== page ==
Three popular picks from state-of-the-art Ontario wineriesPosted July 10, 2015
Flat Rock Cellars, Tawse and Creekside Estate have made some of the best wines sculpted in Canada.
- Gord Stimmel The Toronto Star
Today we are featuring three extremely popular wines from a trio of Ontario wineries that are state of the art, run by inspired owners.
Flat Rock Cellars is the inspired creation of Ed Madronich, a winery whose core is a five-level state-of-the-art gravity flow system. Madronich feeds on new challenges and right now is involved in creating a beer brewery in the region. Jay Johnston is the winemaker, specializing in pinot noir and chardonnay.
Tawse is the brainchild of Moray Tawse whose first production stunned critics who were amazed at a brand new winery instantly producing world class wines. Tawse has now branched into wineries in Argentina and Burgundy as well. Its winemaker, Paul Pender, is proud of the winery winning full organic certification.
Creekside Estate was founded and owned by Laura McCain of French fry family fame, who sold it in 2012. Under her 14-year reign it gave birth to a run of wildly rich reds, including the famed Lost Barrel red, where the remnants of many red varieties were dumped, then lost for years. When the winemakers finally came across this barrel, this 2007 assemblage was discovered to be hugely rich and profound.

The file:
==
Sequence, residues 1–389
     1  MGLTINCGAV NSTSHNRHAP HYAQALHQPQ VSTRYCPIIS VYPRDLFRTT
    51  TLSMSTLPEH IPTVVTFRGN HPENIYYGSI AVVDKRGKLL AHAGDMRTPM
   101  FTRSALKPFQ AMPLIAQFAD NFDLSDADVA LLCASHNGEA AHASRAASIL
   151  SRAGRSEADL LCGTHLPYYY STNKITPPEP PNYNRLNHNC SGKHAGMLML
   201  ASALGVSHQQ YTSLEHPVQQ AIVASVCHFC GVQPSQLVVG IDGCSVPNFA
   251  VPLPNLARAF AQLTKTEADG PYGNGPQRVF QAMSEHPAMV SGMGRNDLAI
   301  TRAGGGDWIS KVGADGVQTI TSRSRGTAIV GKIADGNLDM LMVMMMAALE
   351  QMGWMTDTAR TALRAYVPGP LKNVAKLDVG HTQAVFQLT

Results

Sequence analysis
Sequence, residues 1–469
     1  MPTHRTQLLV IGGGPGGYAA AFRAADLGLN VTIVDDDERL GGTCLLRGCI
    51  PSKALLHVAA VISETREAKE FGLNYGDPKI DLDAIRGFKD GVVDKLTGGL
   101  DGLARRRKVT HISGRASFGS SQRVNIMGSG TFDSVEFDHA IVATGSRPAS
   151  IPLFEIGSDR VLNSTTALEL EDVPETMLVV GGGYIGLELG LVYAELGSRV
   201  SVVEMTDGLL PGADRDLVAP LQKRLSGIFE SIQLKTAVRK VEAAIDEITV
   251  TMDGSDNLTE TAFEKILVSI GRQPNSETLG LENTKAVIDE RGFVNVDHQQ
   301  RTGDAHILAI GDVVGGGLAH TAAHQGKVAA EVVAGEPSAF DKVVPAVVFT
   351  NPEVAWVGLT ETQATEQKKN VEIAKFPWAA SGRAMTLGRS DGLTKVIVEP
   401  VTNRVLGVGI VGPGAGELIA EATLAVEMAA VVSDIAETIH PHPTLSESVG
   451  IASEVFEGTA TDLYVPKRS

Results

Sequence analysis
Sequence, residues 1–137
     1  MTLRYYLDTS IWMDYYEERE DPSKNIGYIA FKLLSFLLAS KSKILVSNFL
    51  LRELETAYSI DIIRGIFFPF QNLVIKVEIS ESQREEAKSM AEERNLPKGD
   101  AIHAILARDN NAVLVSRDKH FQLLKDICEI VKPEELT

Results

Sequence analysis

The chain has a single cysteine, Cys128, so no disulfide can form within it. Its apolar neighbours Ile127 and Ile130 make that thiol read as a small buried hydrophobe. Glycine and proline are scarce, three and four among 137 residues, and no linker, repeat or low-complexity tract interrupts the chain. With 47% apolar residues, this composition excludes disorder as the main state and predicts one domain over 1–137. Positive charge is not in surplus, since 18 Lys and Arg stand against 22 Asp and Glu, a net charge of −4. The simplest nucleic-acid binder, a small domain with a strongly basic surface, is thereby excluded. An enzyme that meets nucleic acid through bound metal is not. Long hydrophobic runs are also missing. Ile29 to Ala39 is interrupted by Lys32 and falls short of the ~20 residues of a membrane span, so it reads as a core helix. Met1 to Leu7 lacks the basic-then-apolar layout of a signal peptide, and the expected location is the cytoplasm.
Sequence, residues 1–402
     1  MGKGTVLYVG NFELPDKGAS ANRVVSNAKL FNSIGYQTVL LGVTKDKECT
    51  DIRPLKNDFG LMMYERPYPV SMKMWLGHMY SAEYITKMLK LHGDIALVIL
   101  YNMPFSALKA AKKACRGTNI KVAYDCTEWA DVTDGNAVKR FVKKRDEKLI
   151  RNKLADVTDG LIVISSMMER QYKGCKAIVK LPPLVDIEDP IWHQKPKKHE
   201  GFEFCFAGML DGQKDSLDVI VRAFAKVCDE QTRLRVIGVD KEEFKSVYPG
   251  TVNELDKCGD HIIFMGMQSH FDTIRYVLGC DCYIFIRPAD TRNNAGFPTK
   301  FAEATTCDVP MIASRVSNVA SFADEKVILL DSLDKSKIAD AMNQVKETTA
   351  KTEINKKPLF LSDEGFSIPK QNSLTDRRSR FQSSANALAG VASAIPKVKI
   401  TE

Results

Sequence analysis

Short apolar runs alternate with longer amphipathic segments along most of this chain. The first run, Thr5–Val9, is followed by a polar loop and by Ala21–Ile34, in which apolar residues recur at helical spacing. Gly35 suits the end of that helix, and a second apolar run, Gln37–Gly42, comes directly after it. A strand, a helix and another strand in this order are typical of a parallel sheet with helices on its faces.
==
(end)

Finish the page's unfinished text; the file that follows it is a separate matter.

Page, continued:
The Creekside Laura’s Red featured today hints of such a complex weave, being a blend of cab sauv, merlot, cab franc, syrah, malbec and petit verdot. The resulting prolonged fruit depth is amazing for a sub $20 Niagara red.
The Rusty Shed features a shed that stood like an eyesore in the vineyard, but the wine is state-of-the-art chardonnay.
And the Tawse Riesling is class in a glass, one of the best rieslings sculpted in Canada. If you have not discovered Canadian Rieslings, forget the old image formed by entry-level German wines (liebfraumilch) that were weak and watery back in the 1990s.
Meanwhile, Ontario wineries are coping with the damage caused by a grim relentless winter. Some grapes, like merlot, are especially susceptible to winter kill. Of course we felt this in downtown Toronto as well. I shared my water with my neighbour (highlining) in February when their pipes totally froze and did not get my hose back until early June. That kind of frost, going down eight feet into the soil, is devastating for vine root systems.
I truly learned what it means to be a Canadian hoser.